In the documentary film "The Color of Fear," a group of men at a weekend retreat engage in an open and candid dialogue on race and ethnicity. The filmmaker, Lee Mun Wah, a Chinese American community therapist, gathered a group of eight men, myself among them, who were willing to spend a weekend in an honest and unconstrained discussion about our experiences, beliefs and values related to race, color, ethnicity and culture. We met at a house belonging to a friend of the filmmaker. The house was about ten miles outside of Ukiah, a small rural town in Northern California. Two of the men were African American, two were Latino American, two were Asian American and two were European American or white. Lee Mun Wah functioned as the facilitator for the weekend.

Often, those who see the film wonder how the participants were chosen for this project. Mun Wah, as a community therapist, had been working with various men’s groups and consequently had a wide circle of connections. From this pool, he picked men he thought could be honest, open and expressive on race and ethnicity issues while being filmed. With a few exceptions, the men did not know each other before attending the retreat. To show that all Asians, Blacks or Whites do not think alike and are diverse, two men from each ethnic/racial group were included. The number of participants was kept small to increase group safety and intimacy and to give each person an opportunity to express himself fully.

The dialogue during the weekend was spontaneous and intense. I did not know that Mun Wah as the facilitator had prepared a list of about twenty questions to stimulate our dialogue. It did not matter because once he asked his first question about how we identified ethnically or racially, we never stopped talking. Fear, tears, rage, frustration and confusion filled the room as each of us revealed how we had been impacted by racism and our coping strategies. Slowly, hesitatingly, we also talked about the prejudice we’ve experienced and seen directed at our own ethnic group by other people of color. We saw that through no fault of our own, all of us have internalized messages that devalue people of color and that portray White people as more intelligent, able, moral and credible. Becoming aware of this can often precipitate anxiety and personal discomfort in people but it is fundamentally a healing experience that opens new vistas and possibilities. By the end of the weekend, by talking openly, listening intently and reflecting on each other’s experiences, we all came to a deep understanding of, connection to and epathy with each other.

Most people who view this film are deeply moved. Long after it is over, they continue to talk with each other about the feelings, thoughts and memories the video stirred in them. The dialogue in the video—real, arousing and eventually hopeful—is an example of the national dialogue we all need to have on race and ethnicity.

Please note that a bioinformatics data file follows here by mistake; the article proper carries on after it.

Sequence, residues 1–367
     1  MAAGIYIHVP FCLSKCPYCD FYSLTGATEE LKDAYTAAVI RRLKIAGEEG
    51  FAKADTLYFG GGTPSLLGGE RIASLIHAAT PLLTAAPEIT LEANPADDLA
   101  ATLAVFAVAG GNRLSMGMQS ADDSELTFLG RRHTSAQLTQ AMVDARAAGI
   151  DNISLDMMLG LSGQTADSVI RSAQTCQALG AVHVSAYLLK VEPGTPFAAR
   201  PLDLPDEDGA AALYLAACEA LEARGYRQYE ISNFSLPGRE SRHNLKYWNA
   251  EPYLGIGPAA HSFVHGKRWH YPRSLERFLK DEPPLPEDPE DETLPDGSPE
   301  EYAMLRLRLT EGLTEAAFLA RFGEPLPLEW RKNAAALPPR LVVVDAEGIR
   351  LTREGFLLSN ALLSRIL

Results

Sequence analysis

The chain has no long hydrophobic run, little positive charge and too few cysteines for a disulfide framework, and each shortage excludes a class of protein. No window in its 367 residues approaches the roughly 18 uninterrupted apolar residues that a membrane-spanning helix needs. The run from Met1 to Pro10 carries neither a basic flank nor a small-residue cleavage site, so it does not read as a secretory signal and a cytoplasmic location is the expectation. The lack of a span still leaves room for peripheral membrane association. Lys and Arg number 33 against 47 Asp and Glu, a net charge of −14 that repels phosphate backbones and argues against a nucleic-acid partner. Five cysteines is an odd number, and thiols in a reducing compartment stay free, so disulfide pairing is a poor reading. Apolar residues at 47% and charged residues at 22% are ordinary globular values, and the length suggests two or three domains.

III. Biography of Peggy McIntosh

Peggy McIntosh, Ph.D., the Associate Director of the Wellesley College Center for Research on Women, is the founder and co-director of the National S.E.E.D. (Seeking Educational Equity and Diversity) Project on Inclusive Curriculum. A renowned lecturer, she consults with higher education institutions throughout the United States and abroad on creating multicultural and gender-fair curricula. An influential writer on women's studies, curriculum change, and systems of privilege, she has taught at Harvard University, Trinity College (Washington, DC), and the University of Durham (England), among other institutions.

"White Privilege: Unpacking the Invisible Knapsack," one of Dr. McIntosh’s most frequently cited articles, is included in this packet (following page 11).

IV. Diversity Workshops*

Facilitation guidelines

The role of the facilitator is to create an atmosphere where everyone can express their thoughts and feelings, and listen to and learn from the different perspectives offered by each participant. Facilitators are also responsible for helping to clarify discussion goals and for maintaining a safe, respectful group process. What follows are guidelines that help create such an atmosphere.

Listen to each other with respect.

Speak about your own thoughts, reactions, feelings, and experiences, not those of others.

Do not debate someone else’s experience; do not argue with their statements.


Working with challenging situations

Racism is often difficult to talk about. It elicits strong feelings and very different perspectives. The following are suggestions for ways to respond effectively to situations that might occur in workshops on race.

Arguments: Interrupt the argument and take this opportunity to point out that differences of opinion come out of different life experiences and represent what we mean by "diversity." Remind the group participants about the ground rules they agreed upon. Then move on.

Dominating the discussion: Intervene and point out that the discussion should benefit from the input of many people. Mention that any discussion about differences is most valuable when many perspectives are involved.

One-sided discussions: If you sense that there are opposing views that could benefit the discussion but that participants are reluctant to express, welcome them to speak by making a comment that introduces the opposing view. You might begin by saying, "I could really see how someone might feel that . . . ."